+ Bridget and Gracie will have Spanish, P.E., music, counseling, and science lab as their specials this year (no art, booooooo). They both are Very Excited about the science lab; I haven't met the teacher yet, but Gracie said they get to save up some sort of stamp reward thing they get and use it toward a special prize at some point in the year—one of the prizes is to attend a potions class. To say they were excited about that would be a big understatement.
Enjoy summer, all you people who start school at the end of August when it's supposed to start : )
I was clicking through my August archives tonight and it struck me that while things are different in every way this August, they're also pretty much exactly the same.
1. It was Grandma's birthday yesterday. Unfortunately, we didn't get to celebrate in person but I did get to talk to her on the phone for a little bit.
2. My Nigella Lawson measuring spoons are still in perfect condition, being used regularly and not being crunched in the garbage disposal. (Yay, me!)
3. I had a panic about NOT RENEWING A MAGAZINE SUBSCRIPTION this week and choosing something else to subscribe to instead. It totally made me giggle that in fact, this is not a new thing at all. I love magazines so much. The real ones, not the iPad ones. I've tried to be an iPad magazine reader, but I just want a real magazine in my hand. Related: I miss Wondertime terribly.
5. Gracie told this story again, except that it wasn't a little boy but rather one of the older optionals girls at gym.
6. We're back at an elementary school with beautiful gardens.
7. We're having some major swimming victories.
That's Gracie, jumping off the diving board and swimming to the side without a life jacket. Also pictured: a little bit of what we now fondly refer to as our "hippie palm," which is a nice way to say this palm tree is 92% dead but a segment of the population prefers you to leave it that way as a rustic habitat for a wide variety of wildlife. Thank you, Sunbeam of Knowledge.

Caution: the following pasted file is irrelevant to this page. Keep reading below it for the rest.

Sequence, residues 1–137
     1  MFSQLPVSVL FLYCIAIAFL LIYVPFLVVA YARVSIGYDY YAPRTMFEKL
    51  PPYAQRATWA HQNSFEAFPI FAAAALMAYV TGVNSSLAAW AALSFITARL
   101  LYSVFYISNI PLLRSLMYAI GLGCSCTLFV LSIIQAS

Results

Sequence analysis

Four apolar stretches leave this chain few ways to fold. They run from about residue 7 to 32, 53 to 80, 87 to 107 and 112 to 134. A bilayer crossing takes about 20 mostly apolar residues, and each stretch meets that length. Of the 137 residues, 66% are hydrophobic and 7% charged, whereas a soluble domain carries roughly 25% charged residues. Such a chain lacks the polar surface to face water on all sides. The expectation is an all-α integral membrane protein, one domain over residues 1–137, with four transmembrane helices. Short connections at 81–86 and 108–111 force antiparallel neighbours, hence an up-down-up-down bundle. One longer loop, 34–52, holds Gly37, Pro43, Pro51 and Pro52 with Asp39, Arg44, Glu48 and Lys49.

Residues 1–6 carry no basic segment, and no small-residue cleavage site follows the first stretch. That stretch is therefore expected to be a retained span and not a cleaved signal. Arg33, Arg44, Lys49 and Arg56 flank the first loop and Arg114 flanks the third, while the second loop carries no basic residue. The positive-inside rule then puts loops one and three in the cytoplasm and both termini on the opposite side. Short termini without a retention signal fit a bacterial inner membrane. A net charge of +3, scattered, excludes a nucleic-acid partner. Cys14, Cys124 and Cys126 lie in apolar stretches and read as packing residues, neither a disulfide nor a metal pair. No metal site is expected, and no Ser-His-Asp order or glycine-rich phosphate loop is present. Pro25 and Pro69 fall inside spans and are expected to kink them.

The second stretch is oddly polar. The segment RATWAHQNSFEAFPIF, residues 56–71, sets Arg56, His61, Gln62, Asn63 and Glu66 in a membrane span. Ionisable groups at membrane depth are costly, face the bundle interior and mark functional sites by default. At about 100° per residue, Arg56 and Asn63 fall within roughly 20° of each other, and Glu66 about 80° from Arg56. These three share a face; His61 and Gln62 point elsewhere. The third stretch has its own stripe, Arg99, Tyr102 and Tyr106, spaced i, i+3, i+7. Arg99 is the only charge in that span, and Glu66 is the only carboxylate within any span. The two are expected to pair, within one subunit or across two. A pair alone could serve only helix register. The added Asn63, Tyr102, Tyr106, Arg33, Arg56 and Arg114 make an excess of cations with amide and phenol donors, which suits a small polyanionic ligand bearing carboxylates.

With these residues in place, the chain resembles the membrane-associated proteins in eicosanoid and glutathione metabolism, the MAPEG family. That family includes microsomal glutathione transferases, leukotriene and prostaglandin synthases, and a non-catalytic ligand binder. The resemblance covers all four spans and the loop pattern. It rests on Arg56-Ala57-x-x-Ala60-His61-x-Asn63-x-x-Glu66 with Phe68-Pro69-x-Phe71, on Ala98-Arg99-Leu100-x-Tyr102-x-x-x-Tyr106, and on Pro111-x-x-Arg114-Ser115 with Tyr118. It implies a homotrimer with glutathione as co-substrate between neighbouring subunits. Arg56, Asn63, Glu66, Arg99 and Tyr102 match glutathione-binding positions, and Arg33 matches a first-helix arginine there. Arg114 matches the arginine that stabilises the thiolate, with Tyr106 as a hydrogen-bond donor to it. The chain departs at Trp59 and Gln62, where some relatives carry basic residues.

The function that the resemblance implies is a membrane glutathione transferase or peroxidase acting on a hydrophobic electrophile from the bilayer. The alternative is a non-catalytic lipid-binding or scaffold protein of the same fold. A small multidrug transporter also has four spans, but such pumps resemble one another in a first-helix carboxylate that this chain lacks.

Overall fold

8. We have another Light Switch of Doom connected to a computer, and it is not an option to move it because it is the only way to receive electrical power in the particular room the computer is set up in.
10. We had another round of first days of school. August is filled with them (except in 2007 and 2008, when the first day of school was after Labor Day).
11. Some days are still easier than others.
12. We still hate don't love uniforms.
First day pictures coming soon : )
Today was going to be the day where I worked blogging back into my schedule, as I have sorely missed it. I just didn't expect it to be about this.
Like just about everyone else I know, I am in disbelief over the news of Robin Williams' death. When I first saw the news last night, I burst into tears—an odd reaction to the loss of someone I never knew personally, but my reaction all the same. Robin Williams has been part of my life since the late 1970s when I was a regular watcher of Mork & Mindy. He has been a part of almost every stage of my life, informing and shaping my sensibilities about humor and comedy and emotional intelligence and why it's important to say no to drugs and fashion (oh yes, I proudly wore rainbow suspenders when I was little just like he did).
I didn't love every movie he made, and maybe that's why I liked him even more—because it means you don't have to hit a homerun every single time to create a life's work that is unmatched and thoroughly original. Some of my favorites: Good Will Hunting, Dead Poets Society, Jumanji, Good Morning Vietnam, The World According to Garp, The Fisher King, Night at the Museum, Aladdin, Mrs. Doubtfire, and Robots. Things to be sure of: death, taxes, and Robin Williams' predictable unpredictability.
I still have my Electric Company magazine from 35 years ago with him on the cover:
So this is what it's like to move all the time:
Lots of people you know and love will look at you and tell you they think you're amazing for moving so much. That they don't know how you do it. That you must be super organized and totally on top of the clutter and build-up of the years both in terms of dust and school papers.